Take a look at France’s prehistory and the amazing carved Neolithic tomb at Gavrinis, in Brittany, covered in intricate swirls. The delectable flammkuchen of Alsace – a variation on pizza – awaits you around Strasbourg and the pretty city of Colmar. And if you’re a shopper, you could find all sorts of treasures – and tasty treats – around the covered markets of Albi, in Occitane. 
In Europe, we're blessed with far more public holidays than most of the world. Once restrictions on movement are lifted and it's safe to travel, this could be the year to discover more of the glories of France. 
Keen to start 2021 by enjoying more of what France has to offer? Click here to save €50 on your first three HelloFresh meal boxes in France as a reader of The Local (just use the code ‘THELOCAL50’ at checkout)


How to make the most of France’s ‘night of museums’ this weekend

More than 3,000 French museums will stay open long past their bedtimes on Saturday May 14th for the 18th Long Night of Museums.

How to make the most of France's 'night of museums' this weekend

The annual event takes place on the third Saturday in May each year in towns and cities across the whole of Europe. There are temporary exhibitions, themed guided visits, musical entertainment, lectures, concerts, food tasting, historical reconstructions and re-enactments, and film projections. Best news of all, almost everything is free. 

Here’s The Local’s guide to getting the most out of the night:

Plan, plan, then throwaway the plan

Consult the online programme and map out your route. A little preparation will make the night much easier – 3,000 museums will be open long into the night in France, and you don’t want to waste hours standing on a bridge arguing about where to go next. 

The site has suggestions for major cities, including Lyon, Dijon, Bourges, Strasbourg, Lille, Rouen, Bordeaux, Toulouse, and Marseilles. And four museums that have been closed to the public for years – Musée de Cluny in Paris, the Musée de Valenciennes, the Forum antique de Bavay in Nord and the Musée départemental Albert-Khan in Boulogne-Billancourt – are reopening on the night.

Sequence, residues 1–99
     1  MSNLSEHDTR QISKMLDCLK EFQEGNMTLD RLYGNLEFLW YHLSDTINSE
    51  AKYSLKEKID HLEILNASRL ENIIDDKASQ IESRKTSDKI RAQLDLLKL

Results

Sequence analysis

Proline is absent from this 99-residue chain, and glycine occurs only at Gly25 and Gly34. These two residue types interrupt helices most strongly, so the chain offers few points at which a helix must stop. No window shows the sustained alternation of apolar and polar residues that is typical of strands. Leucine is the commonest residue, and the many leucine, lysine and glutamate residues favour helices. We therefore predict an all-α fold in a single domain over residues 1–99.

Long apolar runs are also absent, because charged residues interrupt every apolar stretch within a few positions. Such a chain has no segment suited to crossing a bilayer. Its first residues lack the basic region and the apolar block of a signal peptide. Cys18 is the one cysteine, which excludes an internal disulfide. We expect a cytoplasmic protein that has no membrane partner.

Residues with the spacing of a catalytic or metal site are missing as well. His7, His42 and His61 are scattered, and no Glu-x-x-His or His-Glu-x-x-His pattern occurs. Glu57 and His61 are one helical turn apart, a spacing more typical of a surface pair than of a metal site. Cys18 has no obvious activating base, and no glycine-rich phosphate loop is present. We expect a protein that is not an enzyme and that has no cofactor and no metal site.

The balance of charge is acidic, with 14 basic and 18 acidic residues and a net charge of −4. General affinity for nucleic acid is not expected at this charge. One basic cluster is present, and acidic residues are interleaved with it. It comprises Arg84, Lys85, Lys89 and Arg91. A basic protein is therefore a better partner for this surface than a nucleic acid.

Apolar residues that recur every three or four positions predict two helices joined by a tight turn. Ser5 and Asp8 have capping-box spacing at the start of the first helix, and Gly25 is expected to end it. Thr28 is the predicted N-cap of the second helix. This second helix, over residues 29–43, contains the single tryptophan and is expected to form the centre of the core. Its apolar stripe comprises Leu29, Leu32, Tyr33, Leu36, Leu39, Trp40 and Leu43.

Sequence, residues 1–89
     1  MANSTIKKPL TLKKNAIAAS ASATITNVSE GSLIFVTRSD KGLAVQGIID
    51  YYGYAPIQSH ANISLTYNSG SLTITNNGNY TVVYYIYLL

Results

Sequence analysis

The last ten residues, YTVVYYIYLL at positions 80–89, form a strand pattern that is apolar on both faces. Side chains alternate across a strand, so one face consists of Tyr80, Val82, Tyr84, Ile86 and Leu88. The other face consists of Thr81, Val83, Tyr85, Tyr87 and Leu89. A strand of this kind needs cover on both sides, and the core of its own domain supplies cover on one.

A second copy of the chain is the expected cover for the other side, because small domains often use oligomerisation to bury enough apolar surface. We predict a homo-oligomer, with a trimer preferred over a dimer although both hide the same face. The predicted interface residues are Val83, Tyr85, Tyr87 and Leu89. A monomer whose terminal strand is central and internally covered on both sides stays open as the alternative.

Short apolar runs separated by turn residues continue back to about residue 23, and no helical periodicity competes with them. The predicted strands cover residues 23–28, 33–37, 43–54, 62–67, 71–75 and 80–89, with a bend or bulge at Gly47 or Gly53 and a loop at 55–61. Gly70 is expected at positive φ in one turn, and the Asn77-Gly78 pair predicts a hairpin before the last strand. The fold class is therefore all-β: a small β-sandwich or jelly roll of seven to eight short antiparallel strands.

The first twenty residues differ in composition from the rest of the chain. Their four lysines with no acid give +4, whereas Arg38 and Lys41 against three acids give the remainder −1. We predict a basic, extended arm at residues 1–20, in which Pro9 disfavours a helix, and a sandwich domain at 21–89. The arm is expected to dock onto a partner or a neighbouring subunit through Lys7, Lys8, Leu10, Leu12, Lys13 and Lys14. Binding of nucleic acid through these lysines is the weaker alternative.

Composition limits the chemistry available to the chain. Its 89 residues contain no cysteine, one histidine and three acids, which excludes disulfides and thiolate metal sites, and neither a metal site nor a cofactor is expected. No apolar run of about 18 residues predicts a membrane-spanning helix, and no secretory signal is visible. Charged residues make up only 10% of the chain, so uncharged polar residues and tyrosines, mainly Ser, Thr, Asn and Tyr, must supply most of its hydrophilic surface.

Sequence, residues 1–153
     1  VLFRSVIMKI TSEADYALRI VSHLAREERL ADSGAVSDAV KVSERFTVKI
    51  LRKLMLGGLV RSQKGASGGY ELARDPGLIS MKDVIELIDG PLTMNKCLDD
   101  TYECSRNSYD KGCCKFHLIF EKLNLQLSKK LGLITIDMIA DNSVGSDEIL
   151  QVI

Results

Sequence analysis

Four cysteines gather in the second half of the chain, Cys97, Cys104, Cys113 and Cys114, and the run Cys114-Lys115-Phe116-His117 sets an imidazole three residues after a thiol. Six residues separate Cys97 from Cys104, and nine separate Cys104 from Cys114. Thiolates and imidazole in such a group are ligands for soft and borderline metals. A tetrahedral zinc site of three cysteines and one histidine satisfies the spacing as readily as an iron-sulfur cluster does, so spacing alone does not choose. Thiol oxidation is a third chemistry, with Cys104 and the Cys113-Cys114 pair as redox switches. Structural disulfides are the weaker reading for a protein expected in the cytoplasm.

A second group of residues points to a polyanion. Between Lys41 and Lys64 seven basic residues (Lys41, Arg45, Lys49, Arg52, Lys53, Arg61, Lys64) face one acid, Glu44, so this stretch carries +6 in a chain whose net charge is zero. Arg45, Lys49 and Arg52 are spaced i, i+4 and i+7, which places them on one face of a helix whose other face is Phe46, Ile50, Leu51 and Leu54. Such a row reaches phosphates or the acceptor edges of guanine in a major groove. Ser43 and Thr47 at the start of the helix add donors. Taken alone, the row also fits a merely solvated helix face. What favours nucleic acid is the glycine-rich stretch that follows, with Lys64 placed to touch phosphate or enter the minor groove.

So, decide where you’re going beforehand – then feel free to dump your carefully plotted plan in a bin when you overhear someone else talking about this extraordinary thing they have discovered and go with the flow.

Be patient

When you are consulting the official website, try not to scream. You have to navigate a map rather than a traditional programme format – though, at least, this year it’s broken down in to French regions, which is marginally less frustrating.

It is actually much easier if you know the specific museums you are interested in visiting, as they have individual programmes of events. But half the fun of a night like this is visiting somewhere you’ve never been before.

Wear comfortable shoes and travel light

Wear shoes for the long haul rather than the first impression. There will be distances to cover and you might even find yourself dancing in the middle of a museum. 

And blisters are never a good partner with great art. Leave your skateboard and shopping trolley at home, they will just prove a nuisance when you are going through security checks.

Come early – or late – to avoid endless queues

Arriving at the Louvre at 8pm is always going to mean a giant queue. And nothing ruins a night quicker than spending most of it standing in an unmoving line. Try to escape peak times at the major museums – but check they’re not doing something interesting that you don’t want to miss – hip hop dance classes in the Department of Oriental Antiquities, in the Louvre’s Richelieu wing, for example…

Go somewhere you’ve never been to before

Do a lucky dip. Pick somewhere you’ve never heard of and know nothing about. What about the Musée de Valenciennes, which reopens after years of being closed to the public, for example. Its giving visitors the chance to see its fine art under ultraviolet light – which will reveal things you wouldn’t normally see.

Or you could delve deep into the Aude Departmental Archives, in Carcassonne, and discover the amazing life stories of some of the region’s historical figures

Make it social

Gather the troops, this is a night for multi-generations of family and friends. Art, history and culture, is very much a shared experience and you can usually find something that everyone loves – or hates.

Plan a pitstop

You will always need refreshing and wouldn’t a night of culture be wonderfully enhanced by a delicious picnic on the banks of the Seine, if you’re in Paris. 

Your mind will need a little pause from all the intellectual overload. Find a spot, listen to the music (there’s always music from somewhere) and watch the Bateaux Mouches go by as you eat a baguette with some good local cheese and some saucisson.